In 2008, Mirzakhani joined the faculty of Stanford University, where she served as a professor of mathematics until her death.
The 40-year-old reportedly had breast cancer that spread to her bones.
She was survived by her husband Jan Vondrák, a Czech theoretical computer scientist and her colleague at Stanford University and a daughter named Anahita.
Mirzakhani enjoyed pure mathematics because of its "elegance and longevity", she said.
Born on May 3, 1977, in Tehran, Mirzakhani showed her knack for numbers from an early age, winning back-to-back gold medals in the 1994 and 1995 International Mathematical Olympiads. She was the first female recipient since the award's establishment in 1936.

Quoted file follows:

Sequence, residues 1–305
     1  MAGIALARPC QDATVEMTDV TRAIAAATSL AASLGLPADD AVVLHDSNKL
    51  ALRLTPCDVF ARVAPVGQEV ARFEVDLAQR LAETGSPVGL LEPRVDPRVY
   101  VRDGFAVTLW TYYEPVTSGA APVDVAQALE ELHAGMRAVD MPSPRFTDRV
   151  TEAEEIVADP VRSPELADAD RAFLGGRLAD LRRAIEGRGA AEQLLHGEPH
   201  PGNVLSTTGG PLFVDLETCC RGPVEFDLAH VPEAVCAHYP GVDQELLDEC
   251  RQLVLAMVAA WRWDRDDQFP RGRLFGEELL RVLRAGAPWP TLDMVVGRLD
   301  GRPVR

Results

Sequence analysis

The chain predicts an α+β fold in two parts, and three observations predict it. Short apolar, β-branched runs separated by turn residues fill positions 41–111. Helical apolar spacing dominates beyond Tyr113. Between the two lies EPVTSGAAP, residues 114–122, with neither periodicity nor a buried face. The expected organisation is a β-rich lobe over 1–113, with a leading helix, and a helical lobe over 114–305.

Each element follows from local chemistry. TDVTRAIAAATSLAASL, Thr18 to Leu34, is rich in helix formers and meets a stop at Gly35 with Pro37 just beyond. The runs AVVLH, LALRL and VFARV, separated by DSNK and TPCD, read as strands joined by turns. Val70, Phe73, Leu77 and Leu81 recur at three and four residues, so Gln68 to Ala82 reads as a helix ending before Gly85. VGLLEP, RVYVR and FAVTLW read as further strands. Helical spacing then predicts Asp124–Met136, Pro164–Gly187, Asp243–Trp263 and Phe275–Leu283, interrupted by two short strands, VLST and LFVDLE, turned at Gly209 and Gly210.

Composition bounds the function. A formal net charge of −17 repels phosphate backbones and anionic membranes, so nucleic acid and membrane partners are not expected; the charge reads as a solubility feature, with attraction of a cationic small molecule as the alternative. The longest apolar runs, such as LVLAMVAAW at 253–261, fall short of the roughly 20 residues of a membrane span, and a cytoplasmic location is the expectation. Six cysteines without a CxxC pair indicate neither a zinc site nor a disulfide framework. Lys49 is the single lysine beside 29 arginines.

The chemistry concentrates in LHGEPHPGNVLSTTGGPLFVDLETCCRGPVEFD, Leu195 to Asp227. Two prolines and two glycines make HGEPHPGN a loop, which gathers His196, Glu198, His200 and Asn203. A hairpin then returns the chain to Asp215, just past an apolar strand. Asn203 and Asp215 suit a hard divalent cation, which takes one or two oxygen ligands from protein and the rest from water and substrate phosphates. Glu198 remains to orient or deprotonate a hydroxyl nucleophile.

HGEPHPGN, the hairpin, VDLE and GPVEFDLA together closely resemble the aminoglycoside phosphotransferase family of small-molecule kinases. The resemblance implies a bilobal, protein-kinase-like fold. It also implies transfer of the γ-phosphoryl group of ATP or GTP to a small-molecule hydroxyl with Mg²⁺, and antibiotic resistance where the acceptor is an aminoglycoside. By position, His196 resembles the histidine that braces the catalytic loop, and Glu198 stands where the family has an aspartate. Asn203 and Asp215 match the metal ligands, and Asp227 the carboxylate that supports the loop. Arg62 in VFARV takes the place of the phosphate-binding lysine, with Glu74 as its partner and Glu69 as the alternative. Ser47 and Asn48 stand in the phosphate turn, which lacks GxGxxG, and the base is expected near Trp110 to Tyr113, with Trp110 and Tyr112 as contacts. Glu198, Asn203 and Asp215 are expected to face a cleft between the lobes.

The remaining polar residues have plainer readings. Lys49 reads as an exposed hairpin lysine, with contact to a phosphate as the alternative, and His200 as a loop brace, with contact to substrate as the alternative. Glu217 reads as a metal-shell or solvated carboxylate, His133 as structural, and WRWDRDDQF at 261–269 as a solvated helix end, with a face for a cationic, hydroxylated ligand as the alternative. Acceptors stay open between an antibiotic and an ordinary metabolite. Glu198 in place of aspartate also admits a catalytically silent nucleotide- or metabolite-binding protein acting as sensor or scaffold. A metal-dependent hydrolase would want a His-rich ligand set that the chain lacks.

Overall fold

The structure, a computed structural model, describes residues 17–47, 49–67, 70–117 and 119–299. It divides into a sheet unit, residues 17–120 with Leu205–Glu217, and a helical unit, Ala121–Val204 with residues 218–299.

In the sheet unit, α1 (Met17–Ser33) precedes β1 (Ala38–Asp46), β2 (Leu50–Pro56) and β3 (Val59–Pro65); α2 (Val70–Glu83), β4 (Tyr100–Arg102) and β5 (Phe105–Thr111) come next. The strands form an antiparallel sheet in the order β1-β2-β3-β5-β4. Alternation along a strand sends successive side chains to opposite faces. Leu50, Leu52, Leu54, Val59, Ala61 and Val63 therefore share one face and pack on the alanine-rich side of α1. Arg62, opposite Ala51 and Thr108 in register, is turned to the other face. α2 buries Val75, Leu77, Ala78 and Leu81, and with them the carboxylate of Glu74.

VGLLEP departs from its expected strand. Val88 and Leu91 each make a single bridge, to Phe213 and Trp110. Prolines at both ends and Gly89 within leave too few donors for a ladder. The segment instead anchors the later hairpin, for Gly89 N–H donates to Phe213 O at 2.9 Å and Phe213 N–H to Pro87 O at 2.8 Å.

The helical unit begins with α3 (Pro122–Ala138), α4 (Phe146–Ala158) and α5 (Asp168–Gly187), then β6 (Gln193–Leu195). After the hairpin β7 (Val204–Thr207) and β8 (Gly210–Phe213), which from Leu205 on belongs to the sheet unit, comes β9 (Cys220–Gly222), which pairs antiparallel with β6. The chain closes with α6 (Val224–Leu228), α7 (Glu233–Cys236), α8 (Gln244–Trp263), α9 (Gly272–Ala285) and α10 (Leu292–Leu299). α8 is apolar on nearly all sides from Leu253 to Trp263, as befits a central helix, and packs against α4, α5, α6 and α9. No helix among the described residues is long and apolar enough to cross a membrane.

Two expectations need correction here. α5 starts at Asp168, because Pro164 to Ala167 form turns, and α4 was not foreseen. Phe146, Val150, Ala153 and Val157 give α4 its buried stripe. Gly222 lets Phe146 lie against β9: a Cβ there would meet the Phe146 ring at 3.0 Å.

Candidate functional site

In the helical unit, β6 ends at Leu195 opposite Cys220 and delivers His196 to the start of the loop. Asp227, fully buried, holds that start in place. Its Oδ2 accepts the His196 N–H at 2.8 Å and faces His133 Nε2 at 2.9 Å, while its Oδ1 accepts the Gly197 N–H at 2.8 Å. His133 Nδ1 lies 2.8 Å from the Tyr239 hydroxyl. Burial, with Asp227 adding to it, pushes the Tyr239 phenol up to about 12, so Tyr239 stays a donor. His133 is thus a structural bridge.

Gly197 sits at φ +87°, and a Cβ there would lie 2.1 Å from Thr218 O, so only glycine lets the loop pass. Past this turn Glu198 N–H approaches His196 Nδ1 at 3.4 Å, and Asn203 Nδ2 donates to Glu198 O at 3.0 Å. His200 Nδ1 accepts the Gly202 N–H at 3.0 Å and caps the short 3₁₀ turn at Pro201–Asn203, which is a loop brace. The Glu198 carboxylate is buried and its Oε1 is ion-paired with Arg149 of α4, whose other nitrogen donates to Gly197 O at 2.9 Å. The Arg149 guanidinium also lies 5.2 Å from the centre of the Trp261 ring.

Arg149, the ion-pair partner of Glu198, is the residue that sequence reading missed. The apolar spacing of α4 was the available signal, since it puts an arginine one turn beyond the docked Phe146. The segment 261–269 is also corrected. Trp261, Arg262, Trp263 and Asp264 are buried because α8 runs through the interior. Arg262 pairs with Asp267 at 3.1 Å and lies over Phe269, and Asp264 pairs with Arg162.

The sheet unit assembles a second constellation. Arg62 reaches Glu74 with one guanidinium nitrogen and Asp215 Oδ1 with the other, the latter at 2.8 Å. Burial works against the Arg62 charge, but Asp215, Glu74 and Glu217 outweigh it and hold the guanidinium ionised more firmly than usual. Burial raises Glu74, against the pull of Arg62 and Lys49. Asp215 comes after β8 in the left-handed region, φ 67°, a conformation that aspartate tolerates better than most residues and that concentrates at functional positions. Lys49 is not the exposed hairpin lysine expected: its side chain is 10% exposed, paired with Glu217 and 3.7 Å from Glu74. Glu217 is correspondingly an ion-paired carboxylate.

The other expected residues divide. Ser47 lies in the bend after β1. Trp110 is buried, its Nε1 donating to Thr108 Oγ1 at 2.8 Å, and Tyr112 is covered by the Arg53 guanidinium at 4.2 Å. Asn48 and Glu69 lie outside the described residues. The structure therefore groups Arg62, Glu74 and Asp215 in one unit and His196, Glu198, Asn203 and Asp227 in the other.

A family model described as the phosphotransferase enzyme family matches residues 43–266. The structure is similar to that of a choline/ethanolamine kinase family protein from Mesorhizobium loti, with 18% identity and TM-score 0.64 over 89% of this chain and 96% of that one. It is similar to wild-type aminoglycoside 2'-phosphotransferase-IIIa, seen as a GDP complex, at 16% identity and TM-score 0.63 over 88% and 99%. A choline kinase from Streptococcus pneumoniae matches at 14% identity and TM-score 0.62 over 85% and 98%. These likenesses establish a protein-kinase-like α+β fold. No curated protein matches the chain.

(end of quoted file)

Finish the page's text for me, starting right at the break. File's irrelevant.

"Maryam is gone far too soon, but her impact will live on for the thousands of women she inspired to pursue math and science", Stanford President Marc Tessier-Lavigne said in a statement.
Iranian-American scientist Firouz Naderi shared his grief on Instagram.
When she won in 2014, the IMU called Mirzakhani's accomplishments in complex geometric forms such as Riemann surfaces and moduli spaces "stunning".
"A light was turned off today, it breaks my heart...."
"A genius? Yes. But also a daughter, a mother and a wife", he added in a subsequent post. In Iran, President Hassan Rouhani said that Mirzakhani's "doleful passing" has caused "great sorrow", state media reported.
Iranian Foreign Minister Mohammad Javad Zarif paid tribute to her.
Mirzakhani completed her PhD at Harvard in 2004, then accepted positions as a research fellow at the Clay Mathematics Institute and an assistant professor at Princeton, accruing awards and acclaim along the way.
Stanford University has not responded to a request for comment from Newsweek.
Maryam Mirzakhani is awarded with the 2014 Fields medal at the International Congress of Mathematicians in Seoul, South Korea on August 13, 2014.